Someone Stole Seahorse
By the Seashore
* Keep an eye out for a stolen seahorse.
You won't have any trouble recognizing it: It weighs about 70 pounds; at 6 feet 4, it's taller than the average man; and it's covered with glowing yellow stars on a swirly blue-and-white night sky. Somehow, last week, somebody twisted the big fiberglass statue off its base, in front of Adam's Ribs Restaurant in Prince Frederick, Maryland.
"It really is like stealing from kids," said Melissa Daman, events coordinator for Annmarie Garden in Solomons, a public sculpture park that is one of the sponsors of the Seahorse Project.
The statue (modeled after Vincent van Gogh's "Starry Night" painting) was one of 25 painted by Calvert County schoolchildren that were put on display this summer. (KidsPost wrote about the project earlier this year.)
The seahorse reported stolen on Friday was named "Starfish" by the Calvert Middle School students who painted it. Seahorses by the Bay was intended to educate people about seahorses and celebrate the county's 350th anniversary. Organizers plan to auction the statues in November and give the money to arts programs in county schools.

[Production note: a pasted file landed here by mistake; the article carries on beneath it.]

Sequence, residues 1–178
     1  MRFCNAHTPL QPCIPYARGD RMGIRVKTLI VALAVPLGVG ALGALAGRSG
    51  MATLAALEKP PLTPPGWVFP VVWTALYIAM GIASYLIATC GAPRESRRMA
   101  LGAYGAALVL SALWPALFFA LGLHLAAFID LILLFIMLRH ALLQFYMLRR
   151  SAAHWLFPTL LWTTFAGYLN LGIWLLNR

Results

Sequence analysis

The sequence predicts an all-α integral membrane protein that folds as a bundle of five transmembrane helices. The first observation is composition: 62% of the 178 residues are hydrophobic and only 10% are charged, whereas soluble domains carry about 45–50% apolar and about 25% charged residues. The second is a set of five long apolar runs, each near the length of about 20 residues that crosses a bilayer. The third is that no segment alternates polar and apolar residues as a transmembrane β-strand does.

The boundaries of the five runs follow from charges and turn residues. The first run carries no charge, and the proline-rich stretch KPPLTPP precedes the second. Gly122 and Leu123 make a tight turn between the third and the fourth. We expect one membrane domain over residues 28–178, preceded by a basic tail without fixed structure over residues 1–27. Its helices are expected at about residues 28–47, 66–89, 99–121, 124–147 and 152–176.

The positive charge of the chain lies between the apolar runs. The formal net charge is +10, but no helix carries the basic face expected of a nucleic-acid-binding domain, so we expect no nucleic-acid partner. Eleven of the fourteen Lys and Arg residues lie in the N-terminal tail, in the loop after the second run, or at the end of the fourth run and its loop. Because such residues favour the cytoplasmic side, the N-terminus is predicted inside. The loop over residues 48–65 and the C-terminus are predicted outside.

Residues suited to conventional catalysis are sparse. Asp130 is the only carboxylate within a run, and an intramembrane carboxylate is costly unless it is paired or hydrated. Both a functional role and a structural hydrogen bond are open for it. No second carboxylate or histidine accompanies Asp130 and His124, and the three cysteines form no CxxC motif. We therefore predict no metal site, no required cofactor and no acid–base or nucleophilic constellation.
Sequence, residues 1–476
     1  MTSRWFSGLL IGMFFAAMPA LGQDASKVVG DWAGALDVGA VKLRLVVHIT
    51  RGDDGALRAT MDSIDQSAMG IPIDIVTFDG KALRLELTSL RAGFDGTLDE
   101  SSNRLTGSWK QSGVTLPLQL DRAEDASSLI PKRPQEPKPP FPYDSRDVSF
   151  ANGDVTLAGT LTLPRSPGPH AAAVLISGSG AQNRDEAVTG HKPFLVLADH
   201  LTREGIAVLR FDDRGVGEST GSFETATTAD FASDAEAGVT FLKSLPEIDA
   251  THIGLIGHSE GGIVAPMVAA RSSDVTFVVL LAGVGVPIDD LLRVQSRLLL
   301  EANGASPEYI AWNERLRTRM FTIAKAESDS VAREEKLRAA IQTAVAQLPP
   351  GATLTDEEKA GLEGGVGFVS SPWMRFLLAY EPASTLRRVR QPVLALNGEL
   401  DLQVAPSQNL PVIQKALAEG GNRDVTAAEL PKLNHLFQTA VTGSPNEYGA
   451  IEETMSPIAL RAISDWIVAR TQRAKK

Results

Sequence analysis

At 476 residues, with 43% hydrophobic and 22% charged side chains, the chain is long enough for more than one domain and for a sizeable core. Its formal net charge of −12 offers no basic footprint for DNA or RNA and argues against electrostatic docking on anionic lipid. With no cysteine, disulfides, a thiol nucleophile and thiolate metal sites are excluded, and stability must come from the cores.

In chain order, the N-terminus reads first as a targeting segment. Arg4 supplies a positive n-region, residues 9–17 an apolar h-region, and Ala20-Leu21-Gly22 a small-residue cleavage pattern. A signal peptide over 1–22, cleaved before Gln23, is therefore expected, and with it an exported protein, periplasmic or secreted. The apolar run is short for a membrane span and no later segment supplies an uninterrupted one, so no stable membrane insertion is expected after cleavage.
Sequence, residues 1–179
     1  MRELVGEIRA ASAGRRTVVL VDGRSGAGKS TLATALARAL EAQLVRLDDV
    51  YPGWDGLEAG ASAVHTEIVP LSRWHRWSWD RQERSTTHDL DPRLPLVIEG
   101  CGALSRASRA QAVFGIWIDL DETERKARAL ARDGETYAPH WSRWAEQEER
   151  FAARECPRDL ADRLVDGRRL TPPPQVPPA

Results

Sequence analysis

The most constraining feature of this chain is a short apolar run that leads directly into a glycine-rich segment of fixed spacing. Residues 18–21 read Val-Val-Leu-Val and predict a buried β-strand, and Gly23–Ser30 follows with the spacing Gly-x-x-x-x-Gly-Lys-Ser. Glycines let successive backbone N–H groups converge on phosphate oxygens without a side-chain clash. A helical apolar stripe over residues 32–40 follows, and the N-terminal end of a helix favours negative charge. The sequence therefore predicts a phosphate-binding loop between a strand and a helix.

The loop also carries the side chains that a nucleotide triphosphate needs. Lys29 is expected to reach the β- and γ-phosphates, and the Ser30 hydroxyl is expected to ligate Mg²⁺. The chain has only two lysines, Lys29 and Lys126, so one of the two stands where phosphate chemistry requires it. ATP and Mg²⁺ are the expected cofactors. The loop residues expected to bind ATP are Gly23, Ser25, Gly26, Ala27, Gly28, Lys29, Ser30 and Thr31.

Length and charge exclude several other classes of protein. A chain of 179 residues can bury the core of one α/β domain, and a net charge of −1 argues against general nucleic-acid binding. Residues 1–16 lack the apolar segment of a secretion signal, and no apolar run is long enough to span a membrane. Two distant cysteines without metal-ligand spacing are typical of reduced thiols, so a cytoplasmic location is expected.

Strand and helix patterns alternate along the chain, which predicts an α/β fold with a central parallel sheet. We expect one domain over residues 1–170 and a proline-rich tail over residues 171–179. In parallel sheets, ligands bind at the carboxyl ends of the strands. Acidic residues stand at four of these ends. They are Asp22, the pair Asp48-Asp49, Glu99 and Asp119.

Anyone with information about "Starfish" can call the Calvert County Sheriff's Office at 410-535-2800. Annmarie Garden promises a reward for the seahorse's return.
Said Daman: "We're hoping somebody will rat their friend out!"
Dogs May Sense Kids' Epileptic Seizures
* Dogs have long been regarded as man's best friend, but now it seems that a dog may be an epileptic child's best friend, too.
Among households in which a child has epilepsy, a brain disorder that leads to seizures, about 20 percent report that the family dog knows that a seizure is coming.
Responses from the 122 families that participated in a survey show how protective the dogs can be of children in trouble.
* A sheltie-spitz mixed breed sits on a child before a drop attack, a seizure that causes an epileptic to fall to the ground.
* An Akita keeps a girl away from the stairs 15 minutes before a seizure.
Scientists think dogs may be able to sense tiny changes in a how a child looks or smells before a seizure.